Route Napoleon. We stole a march on the Emperor and his merry band, and caught up with his route at St Vallier, where the local barman had sold thousands of the original glasses from which the great man had taken a drink of water. The D2085 (the down-classed N85) follows the original route for most of the way, excepting that between Bareme and Digne. It is a spectacular road, its many twists and turns threading through magnificent scenery. It hovers above the steep-sided gorges, clings to the sheer mountainside and when it can’t, it bores itself through the rock. Within hours we were we over 1200 metres above sea level. It was incredible that Napoleon covered so much distance (up to 40kms per day) along which, in 1815, were little better than rough snow-covered tracks hewn through the mountainside, much of the time in the bitter cold and dark. In order to reach Grenoble this day, we had to cover almost 300 kms and it took us all day to do so on modern roads ensconced in a comfortable coach. Napoleon did it in 7 days! That night in Grenoble we visited a fondue restaurant. This was a polarising dinner – some loved it, others didn’t. Next time we’ll try a different experience.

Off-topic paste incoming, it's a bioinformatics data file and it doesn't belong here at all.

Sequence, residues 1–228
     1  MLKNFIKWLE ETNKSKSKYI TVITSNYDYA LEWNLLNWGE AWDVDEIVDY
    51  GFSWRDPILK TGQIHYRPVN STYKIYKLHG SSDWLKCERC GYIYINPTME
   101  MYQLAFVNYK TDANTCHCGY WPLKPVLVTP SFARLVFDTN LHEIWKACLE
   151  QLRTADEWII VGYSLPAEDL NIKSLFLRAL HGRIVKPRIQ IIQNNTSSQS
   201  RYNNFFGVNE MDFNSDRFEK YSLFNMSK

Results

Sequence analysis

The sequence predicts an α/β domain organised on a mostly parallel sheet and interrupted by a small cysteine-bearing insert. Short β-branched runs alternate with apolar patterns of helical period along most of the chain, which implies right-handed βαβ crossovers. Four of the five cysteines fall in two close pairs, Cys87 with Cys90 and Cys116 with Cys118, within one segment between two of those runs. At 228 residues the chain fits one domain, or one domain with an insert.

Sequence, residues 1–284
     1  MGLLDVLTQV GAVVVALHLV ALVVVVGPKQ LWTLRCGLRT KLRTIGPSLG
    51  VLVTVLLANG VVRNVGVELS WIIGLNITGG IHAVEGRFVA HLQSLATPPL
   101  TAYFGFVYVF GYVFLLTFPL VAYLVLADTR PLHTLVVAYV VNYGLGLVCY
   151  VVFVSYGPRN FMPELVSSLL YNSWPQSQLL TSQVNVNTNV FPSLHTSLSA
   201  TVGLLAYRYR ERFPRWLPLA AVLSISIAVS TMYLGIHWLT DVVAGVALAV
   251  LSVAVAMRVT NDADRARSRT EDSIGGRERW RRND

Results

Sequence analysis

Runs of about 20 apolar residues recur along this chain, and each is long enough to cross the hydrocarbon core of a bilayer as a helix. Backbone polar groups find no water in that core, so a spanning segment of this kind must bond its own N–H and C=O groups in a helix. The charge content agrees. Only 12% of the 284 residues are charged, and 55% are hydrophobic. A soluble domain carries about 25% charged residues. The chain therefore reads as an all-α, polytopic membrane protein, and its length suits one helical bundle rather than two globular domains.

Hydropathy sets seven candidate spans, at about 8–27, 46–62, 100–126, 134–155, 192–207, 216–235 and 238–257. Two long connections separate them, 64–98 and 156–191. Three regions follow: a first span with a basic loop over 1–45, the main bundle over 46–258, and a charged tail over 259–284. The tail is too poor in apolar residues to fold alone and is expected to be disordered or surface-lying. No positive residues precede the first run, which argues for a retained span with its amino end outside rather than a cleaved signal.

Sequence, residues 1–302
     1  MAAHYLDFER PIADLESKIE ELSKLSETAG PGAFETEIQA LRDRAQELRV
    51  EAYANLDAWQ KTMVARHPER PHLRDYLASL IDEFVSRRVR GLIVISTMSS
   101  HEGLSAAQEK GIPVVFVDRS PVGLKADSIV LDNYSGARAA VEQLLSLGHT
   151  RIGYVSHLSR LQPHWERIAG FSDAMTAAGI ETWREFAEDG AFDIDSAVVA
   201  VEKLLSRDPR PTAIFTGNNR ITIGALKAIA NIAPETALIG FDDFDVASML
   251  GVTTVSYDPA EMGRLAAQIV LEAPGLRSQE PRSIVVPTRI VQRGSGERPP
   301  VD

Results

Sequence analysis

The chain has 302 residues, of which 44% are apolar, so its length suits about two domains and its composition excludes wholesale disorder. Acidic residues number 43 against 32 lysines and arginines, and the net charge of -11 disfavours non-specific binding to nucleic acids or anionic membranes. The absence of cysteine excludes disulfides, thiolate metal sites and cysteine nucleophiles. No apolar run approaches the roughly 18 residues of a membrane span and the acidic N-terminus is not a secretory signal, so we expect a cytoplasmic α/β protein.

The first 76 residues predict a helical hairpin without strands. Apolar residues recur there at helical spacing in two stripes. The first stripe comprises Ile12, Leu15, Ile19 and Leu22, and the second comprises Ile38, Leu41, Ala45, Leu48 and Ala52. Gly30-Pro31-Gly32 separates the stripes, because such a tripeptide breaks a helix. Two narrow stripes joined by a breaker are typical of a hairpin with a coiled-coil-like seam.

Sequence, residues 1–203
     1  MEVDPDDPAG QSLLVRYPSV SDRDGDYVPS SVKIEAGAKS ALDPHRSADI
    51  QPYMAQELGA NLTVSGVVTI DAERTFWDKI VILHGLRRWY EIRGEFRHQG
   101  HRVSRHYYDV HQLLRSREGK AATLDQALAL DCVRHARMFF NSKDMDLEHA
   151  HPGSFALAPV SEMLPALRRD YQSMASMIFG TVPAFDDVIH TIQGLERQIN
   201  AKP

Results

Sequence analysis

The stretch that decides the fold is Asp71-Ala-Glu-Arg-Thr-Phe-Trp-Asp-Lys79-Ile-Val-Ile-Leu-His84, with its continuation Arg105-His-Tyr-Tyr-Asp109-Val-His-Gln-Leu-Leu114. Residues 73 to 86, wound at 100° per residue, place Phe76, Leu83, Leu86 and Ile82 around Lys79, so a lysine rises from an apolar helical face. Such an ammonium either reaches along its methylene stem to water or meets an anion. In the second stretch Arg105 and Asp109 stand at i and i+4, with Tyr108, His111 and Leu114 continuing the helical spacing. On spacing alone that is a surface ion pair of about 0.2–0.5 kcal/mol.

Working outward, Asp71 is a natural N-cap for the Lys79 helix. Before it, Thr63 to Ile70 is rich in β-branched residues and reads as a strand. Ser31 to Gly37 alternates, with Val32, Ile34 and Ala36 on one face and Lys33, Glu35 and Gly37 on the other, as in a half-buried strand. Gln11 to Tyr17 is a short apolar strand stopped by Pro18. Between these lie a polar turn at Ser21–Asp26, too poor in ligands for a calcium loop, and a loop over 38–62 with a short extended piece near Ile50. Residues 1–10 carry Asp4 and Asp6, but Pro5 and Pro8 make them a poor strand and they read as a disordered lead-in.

And so to our penultimate day. Yesterday we ended our pursuit of Napoleon at the Col Bayard. Due to the vehicular restrictions on the N85’s descent from Laffrey to Grenoble, we had to set out this day in chauffeur-driven MPVs. ‘La Prairie de la Recontre’ was were, famously, Napoleon offered himself up to be shot by any man who opposed him from the 5th Line Regiment which had been sent to stop his march. Today it was covered in virgin snow, the statue that had been raised to commemorate the event standing proud above the field and Laffrey lake. We traipsed across the white blanket, at times the snow coming up to our knees, and reached that famous monument. The sun was shining brightly and reflected gloriously on the glistening ground. We gathered together, some having photos taken with them bearing their chests and took some wonderful group photos. It was a magical moment – one to treasure for a long time. But eventually we tore ourselves away and made our way to Vizille for a quick coffee. Here we discussed the causes and outbreak of the French Revolution, for it was here that the rights of the nation were presciently declared by all three estates in 1788 (sic!). Thence to Brie et Argonne, where Colonel de la Beydoyere brought his 7th Line regiment over to Napoleon and joined him on his march to Grenoble, to which we returned for lunch. This afternoon we visited the site of the Bonne Gate, which was broken to down by the citizens to facilitate Napoleon’s victorious entry, the Auberge Napoleon, where he spent his two nights and then we caught the cable car up to the Bastille from where we gained magnificent views of this Olympic city and its environs. For some, personal time followed, for others, a few beers in a local hostelry. Thence to our final dinner in a wonderful Michelin restaurant, again on an a la carte basis. Great food, fine wines and wonderful and stimulating company. A perfect ending to a fantastic tour which will stay in my memory for the rest of my life.